To see my daughter’s face, wide-eyed and hopeful, as if the next president is actually talking to her, it’s a moment I won’t soon forget.
Where’d my hope and change go?
Then, fortunately, thankfully, the inverse happens. A few days later, it’s Hillary Clinton’s turn.
Watching my daughter’s face as Clinton “breaks” that digital glass ceiling the night before her own big speech, and telling little girls across the land that they, too, can be president … I admit, it gets me. It gets me big time. I’m practically a puddle.
To see my daughter’s face, wide-eyed and hopeful, as if the next president is actually talking to her, it’s a moment I won’t soon forget. It’s like Rey Force-grabbing the veto stamp.
That’s what I want in a president. Because when it comes down to it, representation matters.
I’m voting for Hillary Clinton because I trust her. Completely. Sure, she’s had the same mess-ups your average politicians is going to have, but she also has a track record stretching back for decades of doing good work along the way — whether it’s standing up for the rights of disabled children, fighting against housing discrimination, winning health coverage for kids, ensuring the world sees women’s rights as human rights, and working on behalf of 9/11 survivors and first-responders, she has answered the call over and over again.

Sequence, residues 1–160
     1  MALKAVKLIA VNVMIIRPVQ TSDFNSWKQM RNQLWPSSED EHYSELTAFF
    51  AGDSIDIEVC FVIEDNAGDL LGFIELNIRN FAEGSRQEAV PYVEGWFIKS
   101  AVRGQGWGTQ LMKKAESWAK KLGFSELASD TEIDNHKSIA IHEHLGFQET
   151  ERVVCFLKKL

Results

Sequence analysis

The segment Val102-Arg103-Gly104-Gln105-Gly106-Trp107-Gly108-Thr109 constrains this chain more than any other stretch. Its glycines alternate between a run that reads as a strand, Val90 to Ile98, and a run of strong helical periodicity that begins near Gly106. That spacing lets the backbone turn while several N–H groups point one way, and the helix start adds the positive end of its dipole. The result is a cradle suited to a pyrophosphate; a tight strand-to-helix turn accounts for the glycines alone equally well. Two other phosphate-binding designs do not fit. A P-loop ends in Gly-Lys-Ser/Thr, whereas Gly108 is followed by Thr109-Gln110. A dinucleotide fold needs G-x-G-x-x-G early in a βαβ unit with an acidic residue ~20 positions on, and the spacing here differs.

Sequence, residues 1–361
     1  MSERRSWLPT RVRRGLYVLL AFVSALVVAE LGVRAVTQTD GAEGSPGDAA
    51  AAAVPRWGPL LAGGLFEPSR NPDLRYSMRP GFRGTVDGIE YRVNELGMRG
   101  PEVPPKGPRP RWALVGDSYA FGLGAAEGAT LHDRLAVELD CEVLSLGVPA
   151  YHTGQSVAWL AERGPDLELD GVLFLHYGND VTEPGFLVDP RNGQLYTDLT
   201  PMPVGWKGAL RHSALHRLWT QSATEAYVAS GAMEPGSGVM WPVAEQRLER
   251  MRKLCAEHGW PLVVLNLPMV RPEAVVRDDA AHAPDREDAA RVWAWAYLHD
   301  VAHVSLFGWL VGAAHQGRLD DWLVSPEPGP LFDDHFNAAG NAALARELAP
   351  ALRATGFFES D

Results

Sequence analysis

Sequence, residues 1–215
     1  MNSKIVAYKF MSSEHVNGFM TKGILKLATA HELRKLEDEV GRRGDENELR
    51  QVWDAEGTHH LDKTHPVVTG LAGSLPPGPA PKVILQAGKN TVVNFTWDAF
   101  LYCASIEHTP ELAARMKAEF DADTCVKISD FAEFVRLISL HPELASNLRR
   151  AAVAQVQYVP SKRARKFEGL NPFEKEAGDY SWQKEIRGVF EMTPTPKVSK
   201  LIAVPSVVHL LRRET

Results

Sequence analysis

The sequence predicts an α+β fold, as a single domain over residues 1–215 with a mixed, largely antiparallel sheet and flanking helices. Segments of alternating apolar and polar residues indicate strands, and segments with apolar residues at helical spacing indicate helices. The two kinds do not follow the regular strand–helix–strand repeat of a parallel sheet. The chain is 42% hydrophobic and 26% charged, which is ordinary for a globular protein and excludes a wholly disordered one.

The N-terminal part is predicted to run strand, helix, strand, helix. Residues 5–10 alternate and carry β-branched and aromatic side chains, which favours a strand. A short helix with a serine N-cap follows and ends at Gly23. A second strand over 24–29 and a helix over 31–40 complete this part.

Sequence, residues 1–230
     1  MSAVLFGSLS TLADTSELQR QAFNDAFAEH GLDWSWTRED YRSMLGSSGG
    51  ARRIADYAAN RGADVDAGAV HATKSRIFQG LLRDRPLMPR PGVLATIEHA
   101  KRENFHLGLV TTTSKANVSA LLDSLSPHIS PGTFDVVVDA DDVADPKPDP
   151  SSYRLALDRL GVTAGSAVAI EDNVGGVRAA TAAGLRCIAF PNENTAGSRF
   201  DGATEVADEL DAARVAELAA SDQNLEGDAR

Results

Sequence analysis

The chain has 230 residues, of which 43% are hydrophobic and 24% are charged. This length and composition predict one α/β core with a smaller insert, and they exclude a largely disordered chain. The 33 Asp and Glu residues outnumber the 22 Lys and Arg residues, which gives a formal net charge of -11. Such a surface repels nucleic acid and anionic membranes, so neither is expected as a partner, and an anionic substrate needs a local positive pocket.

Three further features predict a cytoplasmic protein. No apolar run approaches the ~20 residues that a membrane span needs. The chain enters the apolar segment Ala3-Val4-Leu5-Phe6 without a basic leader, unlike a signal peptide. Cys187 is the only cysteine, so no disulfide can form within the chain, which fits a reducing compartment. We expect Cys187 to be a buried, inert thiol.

Just 6 out of 50 states have women governors.
This isn’t a protest vote against the racist landlord who has taken over the Republican Party. Looking at Clinton’s track record of good works makes me genuinely excited to cast my ballot for her. She does her homework, she has earned the experience, and she has the knowledge to keep us from slipping into another Great Recession or stumbling into a nuclear war over whether another country puts out a red carpet at the airport.
But you can’t overlook how important it is to have a woman in the Oval Office. Like I said, representation matters. The Geena Davis Institute On Gender And Media does a great job in highlighting exactly how much.
In government, women hold just 19 percent of the seats in the House, and 20 percent in the Senate, with women of color making up even less than that. Just 6 out of 50 states have women governors.
In business, women make up roughly 50 percent of the workforce, but just 20 CEO positions in the Top 500 companies.